Diana had an interesting post recently about writers who threw away/burned and otherwise mangled their unsold manuscripts. I imagine a tearful ceremony, an open flame and a phone right near said writer in hopes that the voodoo ritual will bring the call.
Things in writer’s lore are always exaggerated. It’s been said that Carrie was rejected a bazillion amount of times before Stephen King’s wife plucked it from the garbage. In reality, the number of rejections was quite small, comparatively, according to King himself. My personal favorite story is still Cherry Adair’s admission that she wrote 17 manuscripts before selling.
Anyway, to answer Diana’s question – no, I’ve never thrown a manuscript away. I’ve cursed them, yes, but I’ve still managed to keep them all in every single metamorphosised state, be it hardcopy or file on computer. I never met a version I didn’t become attatched to and save each of them laboriously with the question of, What If, firmly implanted in the back of my mind.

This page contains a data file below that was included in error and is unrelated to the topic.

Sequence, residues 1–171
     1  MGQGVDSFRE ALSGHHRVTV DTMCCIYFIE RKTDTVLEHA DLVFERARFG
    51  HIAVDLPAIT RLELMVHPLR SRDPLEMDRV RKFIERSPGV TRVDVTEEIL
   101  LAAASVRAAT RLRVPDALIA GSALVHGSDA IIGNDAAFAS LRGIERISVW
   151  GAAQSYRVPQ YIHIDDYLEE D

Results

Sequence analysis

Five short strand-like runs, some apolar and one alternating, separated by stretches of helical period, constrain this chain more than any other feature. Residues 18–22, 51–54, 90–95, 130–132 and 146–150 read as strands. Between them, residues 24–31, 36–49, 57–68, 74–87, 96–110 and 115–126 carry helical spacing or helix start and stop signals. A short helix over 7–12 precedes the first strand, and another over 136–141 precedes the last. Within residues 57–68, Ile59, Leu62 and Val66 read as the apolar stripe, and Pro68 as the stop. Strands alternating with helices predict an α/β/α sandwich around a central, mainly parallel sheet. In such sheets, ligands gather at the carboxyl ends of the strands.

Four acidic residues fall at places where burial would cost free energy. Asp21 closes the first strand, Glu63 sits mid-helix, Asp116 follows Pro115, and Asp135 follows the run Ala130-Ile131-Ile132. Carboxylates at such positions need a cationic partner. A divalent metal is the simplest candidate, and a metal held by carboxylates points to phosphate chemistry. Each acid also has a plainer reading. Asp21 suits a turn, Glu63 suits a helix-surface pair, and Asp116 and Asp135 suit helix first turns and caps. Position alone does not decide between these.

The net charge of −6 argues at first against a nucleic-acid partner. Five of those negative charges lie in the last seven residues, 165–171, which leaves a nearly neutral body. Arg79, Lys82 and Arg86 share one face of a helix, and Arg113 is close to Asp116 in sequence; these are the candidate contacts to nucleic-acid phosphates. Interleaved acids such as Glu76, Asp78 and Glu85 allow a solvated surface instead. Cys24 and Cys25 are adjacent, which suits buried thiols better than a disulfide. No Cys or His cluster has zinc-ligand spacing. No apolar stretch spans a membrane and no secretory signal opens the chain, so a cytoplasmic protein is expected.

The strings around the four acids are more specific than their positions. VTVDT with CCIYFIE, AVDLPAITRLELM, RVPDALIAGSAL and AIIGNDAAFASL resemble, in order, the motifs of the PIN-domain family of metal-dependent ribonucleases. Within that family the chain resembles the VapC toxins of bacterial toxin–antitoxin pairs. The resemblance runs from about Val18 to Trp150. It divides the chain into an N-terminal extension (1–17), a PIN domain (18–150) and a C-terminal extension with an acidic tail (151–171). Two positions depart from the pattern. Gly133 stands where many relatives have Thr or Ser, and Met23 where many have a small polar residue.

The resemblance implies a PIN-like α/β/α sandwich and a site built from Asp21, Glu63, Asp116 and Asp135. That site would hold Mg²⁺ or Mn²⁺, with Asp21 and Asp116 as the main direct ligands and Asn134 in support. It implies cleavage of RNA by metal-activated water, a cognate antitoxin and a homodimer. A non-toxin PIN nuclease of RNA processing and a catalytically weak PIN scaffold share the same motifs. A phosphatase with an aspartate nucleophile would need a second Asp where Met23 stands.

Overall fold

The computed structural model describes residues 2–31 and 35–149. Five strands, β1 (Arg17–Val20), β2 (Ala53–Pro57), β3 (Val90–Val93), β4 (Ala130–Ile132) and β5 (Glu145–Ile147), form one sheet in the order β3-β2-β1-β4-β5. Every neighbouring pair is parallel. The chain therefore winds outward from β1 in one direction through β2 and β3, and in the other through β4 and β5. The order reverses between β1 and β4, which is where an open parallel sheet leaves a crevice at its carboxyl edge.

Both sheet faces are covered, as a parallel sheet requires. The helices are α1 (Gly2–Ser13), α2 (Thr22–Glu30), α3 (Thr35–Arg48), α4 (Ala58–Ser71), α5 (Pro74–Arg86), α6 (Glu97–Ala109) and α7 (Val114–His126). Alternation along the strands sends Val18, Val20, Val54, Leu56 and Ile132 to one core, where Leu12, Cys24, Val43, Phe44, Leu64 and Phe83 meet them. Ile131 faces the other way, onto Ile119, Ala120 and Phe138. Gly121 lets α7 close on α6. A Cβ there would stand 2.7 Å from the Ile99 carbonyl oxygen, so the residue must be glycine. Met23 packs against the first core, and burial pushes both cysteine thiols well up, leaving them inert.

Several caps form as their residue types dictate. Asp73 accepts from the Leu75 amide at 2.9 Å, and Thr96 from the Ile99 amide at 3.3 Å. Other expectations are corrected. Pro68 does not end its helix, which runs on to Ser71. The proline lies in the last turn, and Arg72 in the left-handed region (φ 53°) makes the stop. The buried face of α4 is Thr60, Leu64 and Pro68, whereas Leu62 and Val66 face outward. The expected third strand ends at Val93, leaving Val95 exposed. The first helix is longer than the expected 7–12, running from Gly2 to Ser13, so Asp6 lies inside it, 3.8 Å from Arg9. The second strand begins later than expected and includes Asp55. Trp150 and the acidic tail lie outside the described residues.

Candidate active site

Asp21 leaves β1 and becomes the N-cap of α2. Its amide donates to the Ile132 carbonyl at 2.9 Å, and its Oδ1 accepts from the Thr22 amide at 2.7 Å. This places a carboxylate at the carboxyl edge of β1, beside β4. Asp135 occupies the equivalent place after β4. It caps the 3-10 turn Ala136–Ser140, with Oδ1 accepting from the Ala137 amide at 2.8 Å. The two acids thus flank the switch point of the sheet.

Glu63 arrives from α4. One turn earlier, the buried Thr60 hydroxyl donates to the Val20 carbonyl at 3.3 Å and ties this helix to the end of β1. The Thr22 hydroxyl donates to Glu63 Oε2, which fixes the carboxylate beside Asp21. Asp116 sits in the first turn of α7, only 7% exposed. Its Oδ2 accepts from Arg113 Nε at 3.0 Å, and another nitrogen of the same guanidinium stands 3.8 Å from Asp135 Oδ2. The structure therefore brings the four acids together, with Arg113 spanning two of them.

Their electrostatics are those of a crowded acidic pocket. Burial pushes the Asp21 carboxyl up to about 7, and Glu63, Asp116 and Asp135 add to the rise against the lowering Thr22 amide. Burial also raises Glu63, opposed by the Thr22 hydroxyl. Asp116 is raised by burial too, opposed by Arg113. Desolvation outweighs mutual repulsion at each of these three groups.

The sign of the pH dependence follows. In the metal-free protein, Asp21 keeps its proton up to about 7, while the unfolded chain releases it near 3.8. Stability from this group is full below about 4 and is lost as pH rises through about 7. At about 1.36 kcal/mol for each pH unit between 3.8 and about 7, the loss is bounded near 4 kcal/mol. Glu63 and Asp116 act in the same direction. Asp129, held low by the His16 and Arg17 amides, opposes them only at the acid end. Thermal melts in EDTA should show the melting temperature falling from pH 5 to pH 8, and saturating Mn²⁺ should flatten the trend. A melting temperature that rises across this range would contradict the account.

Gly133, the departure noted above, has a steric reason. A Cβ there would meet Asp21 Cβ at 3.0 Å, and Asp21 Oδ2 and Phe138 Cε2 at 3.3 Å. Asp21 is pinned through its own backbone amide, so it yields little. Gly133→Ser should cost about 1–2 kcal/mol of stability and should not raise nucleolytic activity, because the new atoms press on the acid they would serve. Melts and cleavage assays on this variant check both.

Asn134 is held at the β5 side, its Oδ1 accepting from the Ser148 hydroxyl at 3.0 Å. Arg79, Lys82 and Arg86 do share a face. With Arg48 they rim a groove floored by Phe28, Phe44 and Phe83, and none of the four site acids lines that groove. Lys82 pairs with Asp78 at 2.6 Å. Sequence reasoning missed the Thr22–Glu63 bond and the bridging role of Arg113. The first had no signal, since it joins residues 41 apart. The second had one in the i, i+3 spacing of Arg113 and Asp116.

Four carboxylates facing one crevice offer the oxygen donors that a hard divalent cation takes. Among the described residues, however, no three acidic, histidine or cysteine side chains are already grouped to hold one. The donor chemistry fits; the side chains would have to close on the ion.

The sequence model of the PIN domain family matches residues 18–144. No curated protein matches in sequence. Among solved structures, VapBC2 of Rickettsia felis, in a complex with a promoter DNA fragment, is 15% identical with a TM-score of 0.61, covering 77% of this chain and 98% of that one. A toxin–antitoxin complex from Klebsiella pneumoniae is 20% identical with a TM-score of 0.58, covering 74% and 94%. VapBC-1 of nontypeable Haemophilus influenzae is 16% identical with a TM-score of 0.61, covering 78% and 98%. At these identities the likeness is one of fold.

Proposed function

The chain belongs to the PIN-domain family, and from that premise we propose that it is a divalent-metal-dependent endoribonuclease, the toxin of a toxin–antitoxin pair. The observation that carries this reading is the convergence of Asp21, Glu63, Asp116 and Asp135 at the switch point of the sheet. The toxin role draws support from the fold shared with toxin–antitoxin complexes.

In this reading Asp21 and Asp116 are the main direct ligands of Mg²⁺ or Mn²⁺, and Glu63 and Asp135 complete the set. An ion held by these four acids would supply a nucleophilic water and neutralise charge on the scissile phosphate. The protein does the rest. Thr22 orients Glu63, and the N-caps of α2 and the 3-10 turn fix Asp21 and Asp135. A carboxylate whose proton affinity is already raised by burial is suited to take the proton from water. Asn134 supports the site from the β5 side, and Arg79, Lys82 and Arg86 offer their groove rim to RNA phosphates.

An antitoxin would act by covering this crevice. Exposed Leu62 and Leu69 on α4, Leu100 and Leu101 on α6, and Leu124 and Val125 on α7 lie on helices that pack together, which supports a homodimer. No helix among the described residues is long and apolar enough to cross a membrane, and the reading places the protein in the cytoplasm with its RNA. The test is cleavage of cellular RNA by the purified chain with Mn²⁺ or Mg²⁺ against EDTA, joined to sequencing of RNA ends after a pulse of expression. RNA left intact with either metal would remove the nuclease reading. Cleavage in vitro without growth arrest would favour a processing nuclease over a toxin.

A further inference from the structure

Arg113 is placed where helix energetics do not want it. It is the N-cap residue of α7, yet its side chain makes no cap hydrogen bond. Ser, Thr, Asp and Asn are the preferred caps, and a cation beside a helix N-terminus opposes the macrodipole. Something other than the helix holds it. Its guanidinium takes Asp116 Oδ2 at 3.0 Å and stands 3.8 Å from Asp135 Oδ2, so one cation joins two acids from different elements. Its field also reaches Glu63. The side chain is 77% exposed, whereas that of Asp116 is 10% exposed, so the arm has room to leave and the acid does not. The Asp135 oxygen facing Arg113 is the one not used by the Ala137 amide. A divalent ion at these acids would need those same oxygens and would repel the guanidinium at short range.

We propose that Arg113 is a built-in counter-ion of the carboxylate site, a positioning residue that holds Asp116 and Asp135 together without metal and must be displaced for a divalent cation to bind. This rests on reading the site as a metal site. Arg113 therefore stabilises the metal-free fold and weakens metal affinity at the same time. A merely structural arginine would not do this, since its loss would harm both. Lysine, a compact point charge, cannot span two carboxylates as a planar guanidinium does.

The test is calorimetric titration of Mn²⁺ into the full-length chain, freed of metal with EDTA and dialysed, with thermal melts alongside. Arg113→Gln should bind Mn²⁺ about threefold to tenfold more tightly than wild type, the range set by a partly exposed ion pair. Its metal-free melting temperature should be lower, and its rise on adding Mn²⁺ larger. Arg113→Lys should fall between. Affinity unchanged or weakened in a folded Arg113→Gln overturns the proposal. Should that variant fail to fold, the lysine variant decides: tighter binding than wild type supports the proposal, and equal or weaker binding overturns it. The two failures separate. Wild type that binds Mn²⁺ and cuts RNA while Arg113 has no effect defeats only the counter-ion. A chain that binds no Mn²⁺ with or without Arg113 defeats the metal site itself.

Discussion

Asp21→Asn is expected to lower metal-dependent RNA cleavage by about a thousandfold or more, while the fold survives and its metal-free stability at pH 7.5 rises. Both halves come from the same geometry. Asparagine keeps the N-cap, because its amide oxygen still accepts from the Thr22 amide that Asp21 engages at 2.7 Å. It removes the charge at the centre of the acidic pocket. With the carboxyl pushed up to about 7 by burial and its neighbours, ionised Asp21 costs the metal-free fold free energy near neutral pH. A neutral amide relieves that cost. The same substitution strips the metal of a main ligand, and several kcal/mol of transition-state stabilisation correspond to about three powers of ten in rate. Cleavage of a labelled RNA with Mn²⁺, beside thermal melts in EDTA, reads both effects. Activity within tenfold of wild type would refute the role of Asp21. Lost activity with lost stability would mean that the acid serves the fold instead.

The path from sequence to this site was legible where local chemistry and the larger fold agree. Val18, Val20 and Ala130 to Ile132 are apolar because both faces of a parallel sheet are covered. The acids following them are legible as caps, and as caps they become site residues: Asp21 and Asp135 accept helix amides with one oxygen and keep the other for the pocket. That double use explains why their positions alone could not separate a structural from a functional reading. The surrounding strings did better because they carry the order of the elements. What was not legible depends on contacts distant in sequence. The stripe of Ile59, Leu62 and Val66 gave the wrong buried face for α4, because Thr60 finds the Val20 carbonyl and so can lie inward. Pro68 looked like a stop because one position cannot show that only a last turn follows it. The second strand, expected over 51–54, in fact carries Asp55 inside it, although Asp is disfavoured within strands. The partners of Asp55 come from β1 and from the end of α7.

Which leads me to the point of the post – the recycling part. Do you ever cut up an old book for parts? I have a mini-chop shop of sorts, in which, when I’m really, really stuck on a book, I start to think, hmmmm, maybe there’s something in book XYZ I can use that’s just so damned brilliant it shouldn’t be hidden from the world any longer.
In reality, when I go back, I find what’s there to be less than brilliant, but there’s usually something I can salvage – an idea for a scene, maybe, or a character or even a line or two. I think it all goes back to the clusterfuck mentality for me, the write-it-out-of-order-and-piece-it-all-together, way I work. Sometimes, just comparing my writing from an older piece to a newer one is enough to get me moving again in a positive direction, and sometimes I reminisce about what could’ve been. Either way, I’ll bet the old manuscripts still appreciate my thinking of them.
So tell me, do you recycle, or is there a place in your home where old manuscripts just go to die?